It’s hard to imagine how taste can affect our pain. Why should it matter if something is salty, sweet, spicy, or bitter? Yet more and more studies are showing how taste and pain are intertwined.
Sugar is routinely used to comfort neonates undergoing painful procedures. And in one study the subjective perception of pain intensity and unpleasantness was reduced in adults when given sweets over bitter tasting foods. We’ve all experienced this phenomenon when we seek out comfort foods. Even hot and spicy foods appear to alter pain centers in the brain.
We each have between 5,000 and 10,000 taste buds in the back of the mouth and on the palate. Each taste bud consists of 50-100 specialized cells called papillae which are stimulated by taste e.g. sugar, salt, acids. And up to three quarters of those sensory receptors in the papillae have nerve fibers wrapped around them that sense temperature, touch and pain. They couldn’t be physically closer! When these nerve fibers are activated, signals are sent to the thalamus which then forwards them to specific areas in the cerebral cortex giving us our sense of taste. That means the neural circuitry the brain uses to categorizes taste, temperature and pain-related sensations all lie in a common area which then defines these sensations as either pleasant or unpleasant.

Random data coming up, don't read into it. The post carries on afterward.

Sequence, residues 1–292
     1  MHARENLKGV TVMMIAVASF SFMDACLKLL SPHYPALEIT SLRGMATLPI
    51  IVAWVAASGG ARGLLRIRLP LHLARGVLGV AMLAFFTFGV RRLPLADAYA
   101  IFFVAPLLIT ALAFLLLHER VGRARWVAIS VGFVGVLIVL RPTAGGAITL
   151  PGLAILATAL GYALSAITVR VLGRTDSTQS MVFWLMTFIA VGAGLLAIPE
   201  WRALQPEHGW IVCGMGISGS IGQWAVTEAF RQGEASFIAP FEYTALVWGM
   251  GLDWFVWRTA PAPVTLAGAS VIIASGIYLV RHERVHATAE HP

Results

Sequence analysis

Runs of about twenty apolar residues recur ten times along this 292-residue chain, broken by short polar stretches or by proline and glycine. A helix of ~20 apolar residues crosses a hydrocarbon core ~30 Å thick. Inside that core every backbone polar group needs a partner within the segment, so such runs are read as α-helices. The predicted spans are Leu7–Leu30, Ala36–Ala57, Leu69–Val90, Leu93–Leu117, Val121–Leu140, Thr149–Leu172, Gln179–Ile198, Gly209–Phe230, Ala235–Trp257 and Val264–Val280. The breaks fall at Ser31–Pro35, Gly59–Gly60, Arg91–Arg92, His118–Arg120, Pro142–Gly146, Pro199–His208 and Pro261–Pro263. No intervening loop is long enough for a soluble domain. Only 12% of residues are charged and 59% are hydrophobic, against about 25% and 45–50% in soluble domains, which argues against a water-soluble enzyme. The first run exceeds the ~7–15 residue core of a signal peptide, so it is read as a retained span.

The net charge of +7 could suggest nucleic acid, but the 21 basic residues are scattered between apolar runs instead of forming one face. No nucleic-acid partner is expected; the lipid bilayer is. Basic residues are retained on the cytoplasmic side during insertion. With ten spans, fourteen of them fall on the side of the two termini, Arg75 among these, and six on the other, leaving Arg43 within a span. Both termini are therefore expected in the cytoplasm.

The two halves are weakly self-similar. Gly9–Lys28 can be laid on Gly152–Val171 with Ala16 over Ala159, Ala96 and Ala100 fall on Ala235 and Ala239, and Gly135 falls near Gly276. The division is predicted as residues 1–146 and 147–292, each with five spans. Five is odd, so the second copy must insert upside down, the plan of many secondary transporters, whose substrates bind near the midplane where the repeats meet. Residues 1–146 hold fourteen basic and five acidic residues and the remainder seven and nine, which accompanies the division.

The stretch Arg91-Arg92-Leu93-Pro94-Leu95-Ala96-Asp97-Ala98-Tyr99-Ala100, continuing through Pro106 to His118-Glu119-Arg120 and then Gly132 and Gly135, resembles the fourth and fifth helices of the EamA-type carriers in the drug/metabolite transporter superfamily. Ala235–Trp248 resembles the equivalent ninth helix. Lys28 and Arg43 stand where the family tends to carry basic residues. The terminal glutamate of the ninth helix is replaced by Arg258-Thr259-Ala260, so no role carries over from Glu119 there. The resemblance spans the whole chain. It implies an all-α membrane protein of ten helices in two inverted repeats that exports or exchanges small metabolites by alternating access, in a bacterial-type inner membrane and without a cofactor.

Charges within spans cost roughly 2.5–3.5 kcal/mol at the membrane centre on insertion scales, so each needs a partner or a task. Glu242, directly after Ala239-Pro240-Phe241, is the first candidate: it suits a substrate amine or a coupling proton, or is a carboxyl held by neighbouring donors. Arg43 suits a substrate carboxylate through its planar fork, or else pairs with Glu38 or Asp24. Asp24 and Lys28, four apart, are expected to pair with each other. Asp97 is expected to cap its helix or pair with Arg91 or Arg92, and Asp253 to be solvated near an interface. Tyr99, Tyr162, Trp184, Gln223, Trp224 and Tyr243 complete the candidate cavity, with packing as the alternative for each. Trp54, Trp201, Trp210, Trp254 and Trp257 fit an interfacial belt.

In the past, we were taught that different areas of the tongue detected different tastes. The map of the tongue, below, shows where different tastes were thought to be sensed.
But we now know this was far too simplistic and inaccurate. The entire tongue can taste equally in all areas.
The old explanation of where tastes were sensed didn’t explain how some foods could start out as sour and become sweet. Or how most of us overcome the bitter taste of coffee or the fiery burn of chili peppers. Researchers believe it is this intertwined taste in the papillae and pain nerves wrapped around them that actually creates flavor. In effect, the highly pleasurable part of flavor is actually due to the activation of pain receptors.
Why are taste and pain associated?
In the beginning we had to be able to differentiate nutritious from harmful foods. What we put in our mouth is the first line of defense. If we sense it may be harmful, pain receptors in the mouth and palate are activated that then transmit life savings signals to the brain in order to initiate a fight or flight response. It’s this perception of pain that keeps us from ingesting more, preventing further injury.
Making sure the acquisition of nutrients that fuel our body isn’t dangerous starts with taste. When the food creates a burning, irritation or pain sensation this unique combination of taste and pain activates a family of proteins called the transient receptor potential (TRP) channels. They reside within sensory tissue and play a pivotal role in signaling the brain data regarding taste, temperature, touch and nociception (pain). Nerve endings wrapped around the papilla of our taste buds specifically activate the TRPV1 receptors when they perceive a danger, signaling the brain to be aware.